Similarly, I recently switched out my handlebars. I went from the bullhorns I've been riding for about two years to a chopped down straight bar. My wife remarked on how narrow the bars looked, but they're actually an inch-and-a-half wider than the bullhorns, and the result is a little more stability in low speed turning and any time I've got my front wheel off the ground.

Try raising your seat to its optimal height, then pushing it up a further centimeter. Ride that way for a week and tell me you don't have saddle sores.

I used to crap on bicycle fussiness, that obsession with getting everything exactly right, and to some degree I still do. I mean, ride your fucking bike. Ride it. There comes a time when you're spending more time tweaking than actually riding. And that's just nuts.

On the other hand, the bicycle can be a deceptively complicated machine, a carefully balanced gyroscope with wide but not infinite tolerances. I am now coming to understand the ways small adjustments effect that balance. It has only taken me about thirty years of riding to begin to understand.

And that boggles my mind.

Tuesday, October 7, 2008


First, please excuse my lengthy absence. Unlike my friend, the Cyclosaur, it's not that I haven't been riding. I've been riding more than ever. In fact, it's all the riding and thinking about riding that has made any effort to put riding into words seem so futile.

The truth is, I've been in a very excellent place vis a vis gliding along on two wheels.

It started with some changes. I believe I wrote a few weeks back about having popped a chain and then getting a new chain and that new chain grinding horribly against the chain ring, and anyway if I didn't, I should have, cause that's what happened. And I spent some days riding around with a 15mm socket wrench trying to get the grinding to go away by adjusting and readjusting and rereadjusting the chainline, all to no avail. I then flipped my wheel to the fixed ring, and VOILA, no more grind.

So I've been riding fixed, something I previously chose not to do, because I thought it was unsafe.

But my bike mechanic said something to me the night he replaced my chain that finally settled in about three days later, which is, "look, you say you have more control when you ride free, because you can stop pedaling, but the truth is you have less control. When you're fixed you can stop with your legs AND with your brake. When you're free you only have the brake, and you're almost guaranteed to go over the bars if you use it."

So I'm riding fixed. It's a change, and I'm learning to control the bike better, and I actually feel very comfortable with it now. What I needed to do was accept the change, to ride a different way and learn something new and see what I thought about it afterwards. I think I've spent too much time thinking I knew how to ride.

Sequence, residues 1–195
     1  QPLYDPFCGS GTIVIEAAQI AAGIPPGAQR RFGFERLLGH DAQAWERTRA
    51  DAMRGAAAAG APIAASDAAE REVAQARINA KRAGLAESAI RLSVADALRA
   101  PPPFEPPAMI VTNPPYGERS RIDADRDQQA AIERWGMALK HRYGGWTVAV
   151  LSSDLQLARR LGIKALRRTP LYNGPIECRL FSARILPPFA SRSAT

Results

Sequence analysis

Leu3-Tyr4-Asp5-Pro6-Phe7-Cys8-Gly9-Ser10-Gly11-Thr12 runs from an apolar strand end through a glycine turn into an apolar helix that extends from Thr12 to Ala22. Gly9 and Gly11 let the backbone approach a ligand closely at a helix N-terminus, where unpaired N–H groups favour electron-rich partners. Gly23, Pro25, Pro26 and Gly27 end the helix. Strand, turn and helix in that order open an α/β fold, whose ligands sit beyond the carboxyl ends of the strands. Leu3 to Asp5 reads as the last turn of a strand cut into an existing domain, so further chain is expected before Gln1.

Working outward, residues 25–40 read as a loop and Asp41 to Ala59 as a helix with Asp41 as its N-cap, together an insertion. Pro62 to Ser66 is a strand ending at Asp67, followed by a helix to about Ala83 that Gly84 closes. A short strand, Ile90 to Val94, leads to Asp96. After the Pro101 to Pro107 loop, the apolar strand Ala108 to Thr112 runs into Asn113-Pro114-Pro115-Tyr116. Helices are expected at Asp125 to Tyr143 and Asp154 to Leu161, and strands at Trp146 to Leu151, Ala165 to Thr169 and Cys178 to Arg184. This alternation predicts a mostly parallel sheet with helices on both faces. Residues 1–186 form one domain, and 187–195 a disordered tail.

I don't.

I think I could pedal my whole life and only scratch the surface of it.

So then the other night I was looking at my handlebars (bullhorns with a single MTB brake lever mounted on the left), and I decided, on a whim, to swap out for straight bars. Again, at first I was uncomfortable, I'd lost the hand position I used to sprint and climb in, and I thought that was going to be intolerable.

Instead, I learned a new way to sprint and to climb, and what the straight bars give me is better lateral control of the bike. It's neat, not better or worse, just different.

And as a result of making some changes and learning about the way the ride is different, I'm really enjoying riding even more than I was before. It's motivating me to spend even more time in the saddle, and it strikes me that the worst thing I can do for my riding is to ever believe I know what I like, that I know how to ride a bike, that there is nothing new for me to discover.

Rather, I need to seek experience. I need to ride more, in different ways, on different routes, with a different attitude.

That is all.

Thursday, October 2, 2008

Great. Now What?

My shoulder feels good. My tires are pumped up with air. My bag is packed. My jacket is laid out on the chair. I'm ready to go. But I'm not going. I'm sick. I can cough up scrambled eggs. I think it's eggs. It sure looks like it. I should try to get someone to try them. I'm not trying them. I mean, jeez, I just spit that crap out.

What if this was my mutant power. I spit scrambled eggs. What would that mean? I think I'd probably have to be a super villain. Well maybe not "super". Super gross maybe. But anyway I think I'd be a villain. I'd go into the bank and just ask for the money. All nice like. They'd say "no." I'd say "you sure?" Then I'd just start spraying out the scrambled eggs. Like a fire hose! Just hosing that place down like it's on fire! Then I'd stop and say "how about now?" and they'd be all "holy crap! Cut that out. That's nasty. Here's the money! Go away." Could be a good gig.

I could be a hero too I guess. I could just go to Africa or something and feed people, but really, who's that hungry?

I suppose I should write something about bikes and commuting now. I hope to ride my bike next week. I'm spitting up a lot less eggs today.
There. Done.